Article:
I’m not a huge chewer of gum but I tend to chew on a stick around mid-day as it helps me fight the urge to eat lunch. If I eat lunch I get sleepy and if I’m sleepy I can’t work. Anyway — a stick of gum helps me work past that urge to eat. Now, the brand of gum I chew is not important — I have no particular favorite but lately I’ve been going with chewing gum brands that steer away from artificial sweeteners. Because you know — some artificial sweeteners are known to cause cancer in laboratory rats or whatever animals are being used in labs these days to test for harmful chemical agents in food.
Anyway — one of the brands I typically buy (well…typically bought) has been around for years and has always boasted its benefits in being sugar free. These days it boasts being sweetened with Xylitol which — as artificial sweeteners go — has a pretty good reputation for not making you grow a third eye or hair on back.
Thing is — although this brand of chewing gum has “sweetened with Xylitol” boldly listed on the front, if you check out the extremely small print on the side where the ingredients are posted, you’ll notice that the advertised sweetener Xylitol is actually listed third. Three other sweeteners — sorbitol and acesulfame-Kand Sucralose — which aren’t supposed to be good for you — are listed first, second and third. In my mind, this is deceptive marketing. It means the sweetener Xylitol is basically being used as window dressing. I don’t know how much Xylitol is actually being used in this particular brand of gum, but if its way down on the list of ingredients it certainly isn’t the primary sweetener.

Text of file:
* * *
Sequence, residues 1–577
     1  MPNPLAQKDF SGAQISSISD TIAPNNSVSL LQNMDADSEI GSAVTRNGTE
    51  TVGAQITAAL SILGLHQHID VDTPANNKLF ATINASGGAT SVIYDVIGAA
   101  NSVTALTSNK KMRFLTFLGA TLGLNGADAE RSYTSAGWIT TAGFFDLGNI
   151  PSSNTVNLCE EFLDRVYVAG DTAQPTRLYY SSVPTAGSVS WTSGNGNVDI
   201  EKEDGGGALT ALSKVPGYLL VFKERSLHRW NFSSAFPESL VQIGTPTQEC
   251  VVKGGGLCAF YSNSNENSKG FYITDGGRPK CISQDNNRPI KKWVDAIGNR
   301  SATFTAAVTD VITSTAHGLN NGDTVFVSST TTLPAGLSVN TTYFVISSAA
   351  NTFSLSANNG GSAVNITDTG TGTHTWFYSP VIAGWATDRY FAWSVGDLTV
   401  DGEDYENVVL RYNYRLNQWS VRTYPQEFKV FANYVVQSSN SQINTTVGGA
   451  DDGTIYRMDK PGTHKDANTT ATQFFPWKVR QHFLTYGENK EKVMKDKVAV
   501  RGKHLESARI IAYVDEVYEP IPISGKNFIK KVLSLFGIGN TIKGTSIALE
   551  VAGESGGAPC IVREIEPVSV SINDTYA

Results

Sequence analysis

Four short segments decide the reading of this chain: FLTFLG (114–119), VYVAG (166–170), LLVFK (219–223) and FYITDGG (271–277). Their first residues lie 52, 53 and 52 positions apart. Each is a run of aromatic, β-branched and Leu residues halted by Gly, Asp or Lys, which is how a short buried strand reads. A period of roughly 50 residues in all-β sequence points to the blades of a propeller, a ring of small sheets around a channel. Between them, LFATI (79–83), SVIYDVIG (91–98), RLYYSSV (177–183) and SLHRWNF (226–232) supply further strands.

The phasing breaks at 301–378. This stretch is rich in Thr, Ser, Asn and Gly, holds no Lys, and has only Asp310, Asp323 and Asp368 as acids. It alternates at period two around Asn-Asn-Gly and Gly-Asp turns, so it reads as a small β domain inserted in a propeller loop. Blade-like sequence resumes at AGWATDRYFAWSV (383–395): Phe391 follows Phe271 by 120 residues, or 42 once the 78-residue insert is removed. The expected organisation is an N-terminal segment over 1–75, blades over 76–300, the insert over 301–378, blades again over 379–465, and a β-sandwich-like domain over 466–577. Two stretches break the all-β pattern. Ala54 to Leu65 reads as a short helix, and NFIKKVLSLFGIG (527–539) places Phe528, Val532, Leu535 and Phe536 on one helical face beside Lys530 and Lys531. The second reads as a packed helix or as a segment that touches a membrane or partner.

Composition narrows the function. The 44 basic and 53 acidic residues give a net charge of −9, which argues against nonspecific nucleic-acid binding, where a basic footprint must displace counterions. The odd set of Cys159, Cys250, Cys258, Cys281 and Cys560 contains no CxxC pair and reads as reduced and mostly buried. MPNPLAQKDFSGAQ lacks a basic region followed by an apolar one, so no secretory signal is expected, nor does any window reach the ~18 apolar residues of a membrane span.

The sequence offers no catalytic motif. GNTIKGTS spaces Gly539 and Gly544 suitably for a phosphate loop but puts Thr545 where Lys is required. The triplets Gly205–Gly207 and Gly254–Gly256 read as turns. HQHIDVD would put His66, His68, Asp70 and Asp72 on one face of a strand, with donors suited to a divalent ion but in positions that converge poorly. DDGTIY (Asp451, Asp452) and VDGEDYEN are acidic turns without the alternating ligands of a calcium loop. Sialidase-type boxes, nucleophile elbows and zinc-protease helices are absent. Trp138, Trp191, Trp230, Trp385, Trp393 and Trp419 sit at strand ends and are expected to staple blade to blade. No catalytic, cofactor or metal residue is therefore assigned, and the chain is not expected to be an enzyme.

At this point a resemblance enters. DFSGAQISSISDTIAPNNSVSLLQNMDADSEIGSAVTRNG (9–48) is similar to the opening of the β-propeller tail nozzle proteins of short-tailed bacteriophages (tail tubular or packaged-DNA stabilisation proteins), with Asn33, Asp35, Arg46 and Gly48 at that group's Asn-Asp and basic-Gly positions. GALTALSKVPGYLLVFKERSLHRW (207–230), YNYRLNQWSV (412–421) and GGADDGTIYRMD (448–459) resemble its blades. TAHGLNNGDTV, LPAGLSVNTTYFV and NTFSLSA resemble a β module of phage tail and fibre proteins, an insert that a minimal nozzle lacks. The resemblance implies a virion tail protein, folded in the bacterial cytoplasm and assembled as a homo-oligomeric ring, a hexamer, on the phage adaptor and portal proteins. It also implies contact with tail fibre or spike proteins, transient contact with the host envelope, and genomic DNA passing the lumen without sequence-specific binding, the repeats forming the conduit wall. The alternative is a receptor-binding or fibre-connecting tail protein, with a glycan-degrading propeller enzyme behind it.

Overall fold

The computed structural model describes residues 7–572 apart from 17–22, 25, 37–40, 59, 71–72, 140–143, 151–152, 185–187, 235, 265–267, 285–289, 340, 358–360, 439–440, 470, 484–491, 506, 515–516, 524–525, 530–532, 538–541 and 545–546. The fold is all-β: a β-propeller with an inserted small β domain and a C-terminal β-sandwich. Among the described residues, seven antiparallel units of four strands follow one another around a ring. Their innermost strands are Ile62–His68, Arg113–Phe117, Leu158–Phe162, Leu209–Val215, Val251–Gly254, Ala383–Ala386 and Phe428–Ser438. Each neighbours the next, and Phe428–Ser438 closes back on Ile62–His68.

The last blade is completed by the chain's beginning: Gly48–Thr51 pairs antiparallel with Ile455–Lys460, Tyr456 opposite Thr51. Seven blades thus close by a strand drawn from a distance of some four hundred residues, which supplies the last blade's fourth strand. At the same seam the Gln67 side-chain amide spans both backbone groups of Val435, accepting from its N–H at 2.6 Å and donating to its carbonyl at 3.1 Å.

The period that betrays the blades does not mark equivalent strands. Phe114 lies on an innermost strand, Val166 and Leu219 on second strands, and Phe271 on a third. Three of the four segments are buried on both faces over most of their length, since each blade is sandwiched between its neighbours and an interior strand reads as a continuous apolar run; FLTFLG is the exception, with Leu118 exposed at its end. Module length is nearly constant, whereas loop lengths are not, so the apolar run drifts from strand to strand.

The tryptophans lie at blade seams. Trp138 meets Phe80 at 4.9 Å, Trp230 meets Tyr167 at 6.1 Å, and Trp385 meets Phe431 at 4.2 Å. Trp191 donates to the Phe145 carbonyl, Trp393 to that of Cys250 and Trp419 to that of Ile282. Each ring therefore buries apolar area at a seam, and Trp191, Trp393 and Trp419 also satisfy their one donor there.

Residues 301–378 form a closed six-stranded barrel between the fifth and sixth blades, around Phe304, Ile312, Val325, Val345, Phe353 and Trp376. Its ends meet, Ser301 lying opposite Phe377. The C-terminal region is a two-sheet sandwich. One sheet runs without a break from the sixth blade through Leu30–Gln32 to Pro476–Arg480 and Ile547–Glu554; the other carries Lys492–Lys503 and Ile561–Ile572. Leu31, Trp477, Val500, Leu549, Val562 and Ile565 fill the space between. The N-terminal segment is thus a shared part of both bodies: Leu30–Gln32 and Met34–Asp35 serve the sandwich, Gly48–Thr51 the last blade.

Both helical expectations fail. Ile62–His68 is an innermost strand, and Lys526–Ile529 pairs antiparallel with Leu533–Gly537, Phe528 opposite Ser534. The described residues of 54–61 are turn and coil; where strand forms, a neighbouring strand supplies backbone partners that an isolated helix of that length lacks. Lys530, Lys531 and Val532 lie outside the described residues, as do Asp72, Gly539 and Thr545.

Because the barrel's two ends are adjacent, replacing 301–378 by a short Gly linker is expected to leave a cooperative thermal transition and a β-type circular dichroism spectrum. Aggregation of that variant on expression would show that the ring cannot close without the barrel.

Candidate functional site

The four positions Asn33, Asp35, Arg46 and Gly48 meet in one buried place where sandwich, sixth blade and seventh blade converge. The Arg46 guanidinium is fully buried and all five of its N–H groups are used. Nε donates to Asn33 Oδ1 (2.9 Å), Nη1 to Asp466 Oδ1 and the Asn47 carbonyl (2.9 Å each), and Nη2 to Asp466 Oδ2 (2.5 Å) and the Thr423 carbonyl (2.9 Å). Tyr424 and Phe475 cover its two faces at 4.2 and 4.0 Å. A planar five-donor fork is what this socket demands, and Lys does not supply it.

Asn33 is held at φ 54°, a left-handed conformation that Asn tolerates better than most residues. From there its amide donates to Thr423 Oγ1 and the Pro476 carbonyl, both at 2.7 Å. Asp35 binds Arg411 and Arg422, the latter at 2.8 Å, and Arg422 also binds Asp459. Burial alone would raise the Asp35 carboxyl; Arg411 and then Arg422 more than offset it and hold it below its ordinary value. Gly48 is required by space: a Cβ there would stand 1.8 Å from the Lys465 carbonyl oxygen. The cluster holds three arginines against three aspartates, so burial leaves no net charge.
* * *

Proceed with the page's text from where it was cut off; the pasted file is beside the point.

Allow me to digress for a second to point out that according to the US Food and Drug Administration Website (www.fda.gov) Artificial sweeteners can help consumers cut down on calories and control weight, help to manage chronic conditions such as diabetes, and potentially prevent cavities. The site also goes on to say that “…to date, five artificial sweeteners are approved by the Food and Drug Administration: aspartame, saccharin, acesulfame-K (or Ace-k), neotame, and sucralose. The agency regulates artificial sweeteners as food additives, which must be approved as safe before they can be marketed…”
Of the five artificial sweeteners approved by the FDA, many grassroots consumer advocate groups point out that although aspartame is bad, acesulfame-K is like the kiss of death. The website www.holisticmed.com points out that, “…Even compared to aspartame and saccharin, acesulfame K is the worst. The additive is inadequately tested, the FDA based its approval on tests of acesulfame K that fell short of the FDA’s own standards. But even those tests indicate that the additive causes cancer in animals, which means it may increase cancer risk in humans. In l987, the FDA was urged not to approve acesulfame K, but was ignored. After the FDA gave the chemical its blessing, the Center for Science in the Public Interest (www.cspinet.org) reminded consumers that acesulfame K has been shown to affect the thyroid in rats, rabbits, and dogs. Administration of 1% and 5% acetoacetamide in the diet for three months caused benign thyroid tumors in rats. The rapid appearance of tumors raises serious questions about the chemical’s carcinogenic potency.”
What really sucks is that chewing gum used to be such an innocent pleasure. And now I can’t even enjoy that because 10 yeas from now my nose might fall off or I might become sterile. What’s even worse is that my kid is an avid gum chewer — as I suppose most kids are — and now I guess I’m going to have to bring the hammer down and eliminate that little past time of hers.
If there’s a lesson to be learned by all of this I guess it’s that it’s important to read more than just thefront label of any product you purchase — whether it’s chewing gum or soda pop or whatever. The truth is out there — it just happens to be written in extremely fine print on the back or side of any package – small enough and out of sight in the hopes that you won’t waste your time trying to decipher the information.